Murray's style is so calm and controlled that he's unlikely to create the sort of highlights that stick with voters. Still, any hope that the Pens have of winning this series will require a superlative effort from the rookie netminder. He's just one signature moment away from leaping into serious contention.
2 of 10Al Tielemans
9. Evgeni Malkin, C, Pittsburgh Penguins
Geno's had a relatively quiet playoffs, but still ranks second on the Penguins with 11 assists and third with 15 points in 17 games. He enters the Final on a five-game scoring streak, and has been a dominant possession player, trailing only teammate Chris Kunitz among all forwards.
3 of 10Al Tielemans
8. Kris Letang, D, Pittsburgh Penguins
It's going to take a superb defensive effort for the Pens to get past the Sharks in this series, and that means slowing down the Pavelski-Thornton-Hertl line. Letang is the Penguins' most important asset on the defensive end. He's played in all situations and takes on top competition while eating up an average of 28:46 minutes per game—second in the postseason among players who suited up for at least 10 contests.
4 of 10David E. Klutho
7. Martin Jones, G, San Jose Sharks
Sharks coach Pete DeBoer has gone all-in on Jones, playing him for all but 29 minutes of San Jose's first 18 games. The rookie has responded with a solid 12-6 record, along with a 2.12 GAA and a .919 save percentage. He delivered shutouts in series-clinching wins over the Los Angeles Kings and Nashville Predators and almost did the same to the Blues until a pair of late (and meaningless) goals Vladimir Tarasenko broke his streak. That kind of clutch will stand out in the Final.
5 of 10David E. Klutho
6. Joe Thornton, C, San Jose Sharks
Making his first appearance in the Final after 18 seasons, Jumbo's sure to have a sentimental edge with the voters. Not that he'll need it. He's coming off a solid series against the Blues, with seven assists in six contests to maintain his point-per game average for the playoffs (3-15-18 in 18 games). He seems to be feeling the moment and could be on the verge of a huge showcase performance.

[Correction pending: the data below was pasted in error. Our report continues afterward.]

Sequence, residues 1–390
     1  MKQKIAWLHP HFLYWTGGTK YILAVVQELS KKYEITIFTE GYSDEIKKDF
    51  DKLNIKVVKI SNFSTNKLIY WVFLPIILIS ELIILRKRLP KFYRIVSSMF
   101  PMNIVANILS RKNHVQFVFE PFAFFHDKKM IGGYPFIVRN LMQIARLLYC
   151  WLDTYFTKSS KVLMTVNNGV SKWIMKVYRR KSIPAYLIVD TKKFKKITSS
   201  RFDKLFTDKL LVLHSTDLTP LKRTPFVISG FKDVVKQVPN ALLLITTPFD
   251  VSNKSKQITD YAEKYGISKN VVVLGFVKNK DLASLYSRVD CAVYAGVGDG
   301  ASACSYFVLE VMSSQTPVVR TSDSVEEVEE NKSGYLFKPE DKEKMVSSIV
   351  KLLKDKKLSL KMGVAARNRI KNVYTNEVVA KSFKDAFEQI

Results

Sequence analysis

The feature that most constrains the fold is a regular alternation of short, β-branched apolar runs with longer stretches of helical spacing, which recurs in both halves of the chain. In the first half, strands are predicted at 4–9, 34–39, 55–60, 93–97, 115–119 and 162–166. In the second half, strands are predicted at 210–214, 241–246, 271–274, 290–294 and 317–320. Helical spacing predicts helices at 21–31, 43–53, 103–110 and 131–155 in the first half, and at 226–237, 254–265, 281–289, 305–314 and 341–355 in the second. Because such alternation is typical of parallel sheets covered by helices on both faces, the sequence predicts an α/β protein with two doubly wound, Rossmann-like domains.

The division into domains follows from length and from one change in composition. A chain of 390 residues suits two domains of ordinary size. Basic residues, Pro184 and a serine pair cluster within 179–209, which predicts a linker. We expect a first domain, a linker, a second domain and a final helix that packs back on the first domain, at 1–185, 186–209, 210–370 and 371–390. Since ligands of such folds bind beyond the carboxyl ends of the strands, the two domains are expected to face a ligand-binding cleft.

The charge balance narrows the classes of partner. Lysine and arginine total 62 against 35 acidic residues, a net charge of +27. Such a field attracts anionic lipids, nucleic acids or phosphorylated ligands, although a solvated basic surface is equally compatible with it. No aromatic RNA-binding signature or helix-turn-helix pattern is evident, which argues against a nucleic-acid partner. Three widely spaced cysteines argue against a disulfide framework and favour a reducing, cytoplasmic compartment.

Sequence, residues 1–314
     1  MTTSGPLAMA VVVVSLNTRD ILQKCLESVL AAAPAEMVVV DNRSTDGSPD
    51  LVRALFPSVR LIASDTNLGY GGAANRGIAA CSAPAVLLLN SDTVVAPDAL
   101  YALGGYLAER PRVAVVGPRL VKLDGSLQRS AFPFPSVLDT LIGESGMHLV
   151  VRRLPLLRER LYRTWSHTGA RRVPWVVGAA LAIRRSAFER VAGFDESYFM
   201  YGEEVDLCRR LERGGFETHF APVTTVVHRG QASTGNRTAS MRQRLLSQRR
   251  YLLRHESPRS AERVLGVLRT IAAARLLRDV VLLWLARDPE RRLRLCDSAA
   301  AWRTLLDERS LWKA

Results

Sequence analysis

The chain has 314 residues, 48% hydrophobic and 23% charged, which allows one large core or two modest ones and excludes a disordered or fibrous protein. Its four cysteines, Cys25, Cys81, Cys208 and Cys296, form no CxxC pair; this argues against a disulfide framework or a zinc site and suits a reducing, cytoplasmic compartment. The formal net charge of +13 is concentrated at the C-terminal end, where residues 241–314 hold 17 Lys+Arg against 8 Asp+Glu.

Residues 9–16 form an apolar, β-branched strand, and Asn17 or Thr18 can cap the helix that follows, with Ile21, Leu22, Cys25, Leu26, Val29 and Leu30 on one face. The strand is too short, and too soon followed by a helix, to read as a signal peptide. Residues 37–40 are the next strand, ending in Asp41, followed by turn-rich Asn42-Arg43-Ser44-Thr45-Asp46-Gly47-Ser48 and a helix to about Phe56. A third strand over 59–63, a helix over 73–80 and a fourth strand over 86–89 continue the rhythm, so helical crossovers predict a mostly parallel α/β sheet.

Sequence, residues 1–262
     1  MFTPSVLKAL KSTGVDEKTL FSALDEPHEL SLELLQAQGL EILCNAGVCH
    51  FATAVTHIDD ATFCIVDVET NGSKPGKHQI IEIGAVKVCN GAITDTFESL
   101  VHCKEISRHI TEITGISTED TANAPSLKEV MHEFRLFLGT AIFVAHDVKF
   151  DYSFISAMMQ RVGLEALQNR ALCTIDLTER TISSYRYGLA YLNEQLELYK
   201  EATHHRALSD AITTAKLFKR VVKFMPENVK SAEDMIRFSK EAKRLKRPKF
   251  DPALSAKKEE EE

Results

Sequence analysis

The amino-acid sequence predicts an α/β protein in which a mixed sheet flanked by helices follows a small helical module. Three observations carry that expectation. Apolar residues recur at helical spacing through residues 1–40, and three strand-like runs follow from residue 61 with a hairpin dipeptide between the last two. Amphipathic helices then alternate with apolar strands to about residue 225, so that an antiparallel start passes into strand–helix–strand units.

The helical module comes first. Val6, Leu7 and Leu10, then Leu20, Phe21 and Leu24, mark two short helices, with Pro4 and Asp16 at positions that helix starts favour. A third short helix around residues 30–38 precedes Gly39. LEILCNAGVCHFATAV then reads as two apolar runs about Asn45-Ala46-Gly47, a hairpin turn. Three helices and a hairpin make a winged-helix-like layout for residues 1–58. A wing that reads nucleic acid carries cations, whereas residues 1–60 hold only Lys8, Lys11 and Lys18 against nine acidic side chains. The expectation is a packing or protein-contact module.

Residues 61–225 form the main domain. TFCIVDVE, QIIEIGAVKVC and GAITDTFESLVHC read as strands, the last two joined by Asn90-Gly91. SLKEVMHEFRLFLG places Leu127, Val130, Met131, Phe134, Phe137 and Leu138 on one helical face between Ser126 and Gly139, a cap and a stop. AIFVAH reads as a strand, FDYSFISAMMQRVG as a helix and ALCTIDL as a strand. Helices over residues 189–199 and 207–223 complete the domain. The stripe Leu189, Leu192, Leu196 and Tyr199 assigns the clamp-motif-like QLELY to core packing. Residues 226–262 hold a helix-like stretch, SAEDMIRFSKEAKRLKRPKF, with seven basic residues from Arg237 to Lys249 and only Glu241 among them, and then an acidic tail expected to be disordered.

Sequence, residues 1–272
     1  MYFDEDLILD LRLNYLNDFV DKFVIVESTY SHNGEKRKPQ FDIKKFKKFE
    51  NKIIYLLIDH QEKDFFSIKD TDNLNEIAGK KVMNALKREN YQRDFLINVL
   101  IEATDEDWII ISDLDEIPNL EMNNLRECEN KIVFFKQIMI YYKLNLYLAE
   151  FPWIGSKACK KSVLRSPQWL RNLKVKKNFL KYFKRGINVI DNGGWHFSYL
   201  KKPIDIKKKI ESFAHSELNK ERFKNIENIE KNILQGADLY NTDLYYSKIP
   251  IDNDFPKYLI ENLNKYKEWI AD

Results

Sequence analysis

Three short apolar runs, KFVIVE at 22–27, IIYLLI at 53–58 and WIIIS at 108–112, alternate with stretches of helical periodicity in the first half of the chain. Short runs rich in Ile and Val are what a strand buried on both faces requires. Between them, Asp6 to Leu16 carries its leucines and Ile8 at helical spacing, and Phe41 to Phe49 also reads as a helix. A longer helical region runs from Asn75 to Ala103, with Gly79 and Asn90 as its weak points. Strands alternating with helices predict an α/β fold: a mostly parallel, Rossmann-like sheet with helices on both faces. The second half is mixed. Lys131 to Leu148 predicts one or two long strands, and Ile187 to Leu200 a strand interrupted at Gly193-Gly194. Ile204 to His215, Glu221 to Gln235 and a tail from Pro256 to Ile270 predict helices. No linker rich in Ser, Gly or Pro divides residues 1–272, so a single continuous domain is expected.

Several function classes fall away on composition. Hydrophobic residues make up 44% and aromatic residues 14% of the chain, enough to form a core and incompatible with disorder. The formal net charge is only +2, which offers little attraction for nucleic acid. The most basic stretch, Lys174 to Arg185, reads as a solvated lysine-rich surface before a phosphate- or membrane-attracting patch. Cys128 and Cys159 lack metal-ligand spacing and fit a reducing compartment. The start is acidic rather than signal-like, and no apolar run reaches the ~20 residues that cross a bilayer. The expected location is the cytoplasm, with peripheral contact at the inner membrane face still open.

6 of 10Scott Audette/NHLI via Getty Images
5. Sidney Crosby, C, Pittsburgh Penguins
Maybe he's no longer the best player in the world, but for all the grief he took midway through the Lightning series, Sid's played some pretty solid hockey in these playoffs. He was at his best in the two elimination games against the Bolts, scoring on a jaw-dropping partial breakaway to win Game 6 and then playing a relentless two-way game in the clincher. At 29, he knows he might never get another chance like this. Watch him rise to the occasion.
7 of 10David E. Klutho
4. Brent Burns, D, San Jose Sharks
He's the one guy on the ice who can be doing absolutely nothing...and yet you can't take your eyes off him. But Burns isn't out there hoarding style points. He's been a beast on the back end, leading all defenders in goals (6), assists (14) and points (20), while bringing the hammer down in his own end. When he's got his feet moving, both he, and the Sharks, are unbeatable.
8 of 10Scott Audette/NHLI via Getty Images
3. Phil Kessel, RW, Pittsburgh Penguins
Kessel has been Pittsburgh's most consistent offensive performer through the first three rounds. He was at his best in the conference final, scoring in four of the seven games and peppering the Lightning with 30 shots on net. He enters the Final with a team-high nine goals and 18 points, seven more than his previous playoff high.
9 of 10Thearon W. Henderson/Getty Images
2. Logan Couture, C, San Jose Sharks
All you poolies saw this coming, right? Couture leads the league in assists (16), points (24) and power play points (11) and is second in power play goals with four. Going up against Pittsburgh's second-string D, he could run away with the scoring race, but keep an eye on his defensive game as well. Couture has been San Jose's most effective backchecking forward, earning 16 takeaways and creating countless turnovers.
10 of 10Scott Rovak/NHLI via Getty Images
1. Joe Pavelski, C, San Jose Sharks
The NHL's most underrated player is finally having his moment. Pavelski has been the NHL's most dangerous player for the past two moments, scoring at will and tearing down giants. He leads the league with 13 goals, four of which were game winners, and sits second with 22 points. And Pavelski's banking those numbers while playing some solid defense. If any one player takes over the Final, it'll be him.
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